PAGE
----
The Chiefs knew they needed to fix the problem, and the Houston Texans provided just the solution. Once the cap-poor Texans released Eric Winston, Kansas City did everything it could to lock up one of the league’s top right tackles. Winston never even made it to his next scheduled free-agent visit, a mere three-hour drive down I-70 to St. Louis.
Winston will create more opportunities for runs to the right side, allowing Charles and Hillis to avoid opponents’ top linebackers coming around the edge. And his ability to seal the pocket on his own will free up Tony Moeaki and Kevin Boss to move downfield, opening up more options for Matt Cassel in the passing game.
Assuming Rodney Hudson and Jon Asamoah develop as well as expected, Kansas City could now have its best offensive line in almost a decade.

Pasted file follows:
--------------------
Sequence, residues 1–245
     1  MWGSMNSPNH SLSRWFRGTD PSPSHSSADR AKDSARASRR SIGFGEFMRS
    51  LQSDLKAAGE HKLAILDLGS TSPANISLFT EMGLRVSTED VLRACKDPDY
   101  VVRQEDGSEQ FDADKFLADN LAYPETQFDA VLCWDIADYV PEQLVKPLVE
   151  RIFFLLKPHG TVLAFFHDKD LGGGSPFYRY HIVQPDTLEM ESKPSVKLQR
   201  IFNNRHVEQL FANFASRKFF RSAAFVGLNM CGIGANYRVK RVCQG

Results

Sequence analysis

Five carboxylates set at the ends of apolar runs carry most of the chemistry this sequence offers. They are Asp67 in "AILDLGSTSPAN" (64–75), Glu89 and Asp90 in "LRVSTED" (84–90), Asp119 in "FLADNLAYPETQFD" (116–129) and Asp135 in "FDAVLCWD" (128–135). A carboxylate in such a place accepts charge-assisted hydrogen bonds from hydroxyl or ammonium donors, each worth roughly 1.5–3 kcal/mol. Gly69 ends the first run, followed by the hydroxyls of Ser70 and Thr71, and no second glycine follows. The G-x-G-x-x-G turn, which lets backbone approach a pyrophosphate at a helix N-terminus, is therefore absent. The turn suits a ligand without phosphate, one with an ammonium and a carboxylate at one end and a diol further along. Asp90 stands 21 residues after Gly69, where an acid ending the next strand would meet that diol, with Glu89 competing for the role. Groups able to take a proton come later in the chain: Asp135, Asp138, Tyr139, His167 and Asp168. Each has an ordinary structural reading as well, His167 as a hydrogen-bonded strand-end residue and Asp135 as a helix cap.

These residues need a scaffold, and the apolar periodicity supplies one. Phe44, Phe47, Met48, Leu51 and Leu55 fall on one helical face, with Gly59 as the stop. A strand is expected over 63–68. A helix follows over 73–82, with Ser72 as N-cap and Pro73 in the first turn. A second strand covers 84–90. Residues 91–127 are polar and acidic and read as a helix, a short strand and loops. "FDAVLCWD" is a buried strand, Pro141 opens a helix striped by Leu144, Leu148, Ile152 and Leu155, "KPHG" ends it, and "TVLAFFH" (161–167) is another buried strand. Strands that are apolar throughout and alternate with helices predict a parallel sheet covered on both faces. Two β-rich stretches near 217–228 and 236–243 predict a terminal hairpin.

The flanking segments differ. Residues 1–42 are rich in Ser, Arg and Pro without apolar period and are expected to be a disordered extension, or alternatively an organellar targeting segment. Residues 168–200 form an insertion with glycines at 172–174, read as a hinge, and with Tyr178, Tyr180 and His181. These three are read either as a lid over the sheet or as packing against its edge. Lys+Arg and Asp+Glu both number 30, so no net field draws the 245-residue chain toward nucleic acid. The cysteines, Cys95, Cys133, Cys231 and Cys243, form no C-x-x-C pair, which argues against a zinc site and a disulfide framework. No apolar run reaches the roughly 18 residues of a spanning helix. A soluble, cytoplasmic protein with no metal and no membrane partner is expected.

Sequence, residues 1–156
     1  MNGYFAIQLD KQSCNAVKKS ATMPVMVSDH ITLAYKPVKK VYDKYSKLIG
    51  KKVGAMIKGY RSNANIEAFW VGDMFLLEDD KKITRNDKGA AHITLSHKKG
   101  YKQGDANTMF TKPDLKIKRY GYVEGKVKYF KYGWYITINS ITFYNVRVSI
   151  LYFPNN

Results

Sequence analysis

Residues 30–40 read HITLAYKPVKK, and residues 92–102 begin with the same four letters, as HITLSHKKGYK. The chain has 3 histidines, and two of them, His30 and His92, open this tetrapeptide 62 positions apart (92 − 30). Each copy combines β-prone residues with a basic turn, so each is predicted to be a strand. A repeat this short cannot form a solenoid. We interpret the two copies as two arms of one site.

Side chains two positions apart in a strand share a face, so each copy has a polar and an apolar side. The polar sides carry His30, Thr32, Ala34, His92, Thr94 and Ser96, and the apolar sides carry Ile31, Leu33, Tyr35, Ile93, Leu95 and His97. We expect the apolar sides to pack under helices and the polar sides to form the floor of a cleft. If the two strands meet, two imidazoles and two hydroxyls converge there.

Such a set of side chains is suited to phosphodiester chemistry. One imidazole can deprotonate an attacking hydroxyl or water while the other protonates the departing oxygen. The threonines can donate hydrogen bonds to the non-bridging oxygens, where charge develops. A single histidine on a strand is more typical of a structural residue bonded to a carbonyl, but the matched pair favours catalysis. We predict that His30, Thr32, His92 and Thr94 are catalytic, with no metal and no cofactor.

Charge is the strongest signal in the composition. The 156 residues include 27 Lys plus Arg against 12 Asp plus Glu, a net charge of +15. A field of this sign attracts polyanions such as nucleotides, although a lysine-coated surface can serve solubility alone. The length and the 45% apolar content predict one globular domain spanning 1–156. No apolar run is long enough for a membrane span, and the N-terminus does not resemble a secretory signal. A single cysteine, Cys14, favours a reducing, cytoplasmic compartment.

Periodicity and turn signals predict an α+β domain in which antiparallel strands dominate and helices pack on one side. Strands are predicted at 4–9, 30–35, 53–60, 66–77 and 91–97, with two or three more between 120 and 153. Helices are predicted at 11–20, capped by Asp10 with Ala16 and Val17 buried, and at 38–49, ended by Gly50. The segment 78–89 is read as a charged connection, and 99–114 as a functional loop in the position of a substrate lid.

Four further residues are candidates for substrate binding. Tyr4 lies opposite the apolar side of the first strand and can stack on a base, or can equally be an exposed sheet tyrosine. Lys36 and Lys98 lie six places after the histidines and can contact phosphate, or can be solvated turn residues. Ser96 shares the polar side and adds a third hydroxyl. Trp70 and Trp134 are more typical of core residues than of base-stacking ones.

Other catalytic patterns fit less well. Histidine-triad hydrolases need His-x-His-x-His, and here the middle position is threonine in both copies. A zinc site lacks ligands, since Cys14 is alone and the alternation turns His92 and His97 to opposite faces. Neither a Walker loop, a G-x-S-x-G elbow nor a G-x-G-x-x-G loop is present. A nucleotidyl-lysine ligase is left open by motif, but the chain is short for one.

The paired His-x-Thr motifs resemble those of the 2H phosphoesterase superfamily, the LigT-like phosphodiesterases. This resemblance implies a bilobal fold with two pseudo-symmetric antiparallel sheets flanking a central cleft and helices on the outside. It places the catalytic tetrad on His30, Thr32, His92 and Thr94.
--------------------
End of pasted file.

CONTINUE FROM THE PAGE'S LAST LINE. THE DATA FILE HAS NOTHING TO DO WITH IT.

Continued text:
The last twelve months brought quite a change to how teams play defense in the AFC West.
What used to be a predominately run-based division now boasts some of the best passers in the league. It was bad enough facing off against Philip Rivers twice a season; now the Chiefs have Carson Palmer and Peyton Manning to deal with.
The AFC West will demand plenty from Kansas City’s secondary this year. Fortunately, the Chiefs have just the solution to that problem.
Last summer, Pat Kirwan listed Brandon Flowers as the 13th-best cornerback in the league. After the 2012 season, he should crack the top five.
Flowers ranked fifth in passes defended last season with 24 and pulled down four interceptions. Despite missing Eric Berry all season, the Chiefs still ranked 6th against the pass and 11th overall.
The Chiefs downgraded at their other cornerback slot, picking up Stanford Routt in anticipation of Brandon Carr’s mega-deal free-agent contract with the Dallas Cowboys.
But the Chiefs knew who their key player was at cornerback, locking up Flowers to a long-term extension early last season.